A Flawed Incentive Structure

One might ask why a teachers union is demanding toilet lids as a condition to returning to the classroom when not a single COVID case worldwide can be traced to a toilet. Perhaps they simply didn’t know, although that’s unlikely. An infectious disease professor points this detail out in the Chronicle’s story on the union negotiations.

But the real question is this: why would they not? It’s worth pointing out that the money is not coming out of the pockets of union members. And as famed economist Milton Friedman once observed, people spend other people’s money differently than their own.

But there’s more than that. It’s important to understand that teachers unions are operating under a unique incentive structure. As the economist Thomas Sowell once observed, it’s not just that the interests of the union don’t align with the students, they often don’t even align with the best interests of teachers.

“First, our teachers unions are not created by teachers. There are people who create unions. And in fact, the interest of the teachers unions can be opposite than those of a teacher,” Sowell said in an interview with the Hoover Institution in July.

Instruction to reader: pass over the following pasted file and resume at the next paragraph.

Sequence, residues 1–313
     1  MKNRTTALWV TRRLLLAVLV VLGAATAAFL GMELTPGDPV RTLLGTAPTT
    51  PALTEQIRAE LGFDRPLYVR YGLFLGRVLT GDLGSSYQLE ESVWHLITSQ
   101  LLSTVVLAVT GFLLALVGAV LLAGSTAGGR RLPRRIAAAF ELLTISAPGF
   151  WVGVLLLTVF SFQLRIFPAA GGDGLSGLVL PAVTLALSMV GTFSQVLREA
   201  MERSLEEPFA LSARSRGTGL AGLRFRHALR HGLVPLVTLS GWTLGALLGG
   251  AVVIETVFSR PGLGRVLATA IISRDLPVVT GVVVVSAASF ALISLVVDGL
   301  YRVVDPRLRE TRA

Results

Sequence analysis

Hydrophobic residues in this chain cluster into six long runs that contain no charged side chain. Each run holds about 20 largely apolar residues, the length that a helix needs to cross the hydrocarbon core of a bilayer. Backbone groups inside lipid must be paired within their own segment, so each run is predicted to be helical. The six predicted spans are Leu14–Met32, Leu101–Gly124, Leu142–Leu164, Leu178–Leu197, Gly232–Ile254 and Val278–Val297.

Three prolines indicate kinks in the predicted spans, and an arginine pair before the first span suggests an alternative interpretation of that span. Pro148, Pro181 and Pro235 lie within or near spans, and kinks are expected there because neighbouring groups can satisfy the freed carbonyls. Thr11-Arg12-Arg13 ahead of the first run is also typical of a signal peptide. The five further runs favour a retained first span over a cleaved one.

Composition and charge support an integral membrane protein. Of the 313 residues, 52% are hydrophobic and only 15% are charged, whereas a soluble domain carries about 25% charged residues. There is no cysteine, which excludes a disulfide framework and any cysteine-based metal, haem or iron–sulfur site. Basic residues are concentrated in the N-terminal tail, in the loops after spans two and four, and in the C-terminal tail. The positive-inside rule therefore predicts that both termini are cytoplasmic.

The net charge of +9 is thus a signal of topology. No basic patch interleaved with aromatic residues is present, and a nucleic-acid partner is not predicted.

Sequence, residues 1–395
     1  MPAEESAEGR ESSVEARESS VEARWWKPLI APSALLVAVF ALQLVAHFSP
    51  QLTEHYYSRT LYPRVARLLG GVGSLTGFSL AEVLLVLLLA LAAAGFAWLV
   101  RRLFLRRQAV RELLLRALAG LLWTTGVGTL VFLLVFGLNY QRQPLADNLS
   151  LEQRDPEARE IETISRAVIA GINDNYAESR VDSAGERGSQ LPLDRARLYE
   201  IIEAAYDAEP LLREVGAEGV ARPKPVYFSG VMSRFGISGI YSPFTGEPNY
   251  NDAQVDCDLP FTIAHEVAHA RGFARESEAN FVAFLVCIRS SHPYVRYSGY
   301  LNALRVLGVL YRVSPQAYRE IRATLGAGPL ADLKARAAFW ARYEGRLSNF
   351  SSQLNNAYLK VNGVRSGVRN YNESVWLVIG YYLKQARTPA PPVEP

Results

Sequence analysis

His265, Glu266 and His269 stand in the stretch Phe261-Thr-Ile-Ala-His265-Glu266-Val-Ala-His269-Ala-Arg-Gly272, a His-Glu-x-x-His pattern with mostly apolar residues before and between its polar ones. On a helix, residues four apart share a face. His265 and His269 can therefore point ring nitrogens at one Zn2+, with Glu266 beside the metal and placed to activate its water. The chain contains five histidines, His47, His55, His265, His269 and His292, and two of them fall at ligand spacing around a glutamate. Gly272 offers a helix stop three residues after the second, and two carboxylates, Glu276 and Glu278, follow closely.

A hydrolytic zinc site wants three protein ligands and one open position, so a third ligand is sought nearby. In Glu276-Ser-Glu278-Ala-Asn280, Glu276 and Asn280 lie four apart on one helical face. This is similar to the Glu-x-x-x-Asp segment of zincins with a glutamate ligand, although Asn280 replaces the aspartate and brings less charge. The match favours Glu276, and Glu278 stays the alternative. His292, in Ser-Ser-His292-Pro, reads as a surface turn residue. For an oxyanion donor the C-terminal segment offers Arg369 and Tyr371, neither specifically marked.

He continued:

“When money is out there and available, you could use that money to raise teacher salaries. That would be good for the teachers, it would be bad for the teachers union. The teachers unions, again, get more dues, if instead of raising the teacher salaries, you create more jobs, more teachers, aides, more counselors, more nurses, more this more that, more bureaucrats in the system.”

All of this is to say that installing toilet lids that don’t actually protect anyone might not help students, it might not even help teachers, but it might benefit the union in ways that are not immediately apparent. (For example, the move could be a simple stall tactic—pardon the pun—to draw out negotiations or a public relations stunt to make it appear the union’s primary concern is safety.)

In any event, if Sowell’s reasoning is correct, it’s quite possible those concessions will serve to advance the goals of the union more than workers (or students). And it’s because of this perverse incentive structure that many economists argue unions tend to undermine the very interests of those who they claim to protect.

“It is altogether probable that even the highest real wages now received by members of strong unions are lower than such wages would have been if the unions and their historic policies had never existed,” the journalist and economics educator Henry Hazlitt observed in The Strike.

In other words, to understand why school districts would spend money on useless toilet lids instead of on students or teachers, look to the flawed incentive structure in place.

It’s a stark contrast to free labor markets, which are based on freedom of association and which empower individuals who are more likely to make rational economic decisions to the benefit of all—instead of flushing resources down the toilet.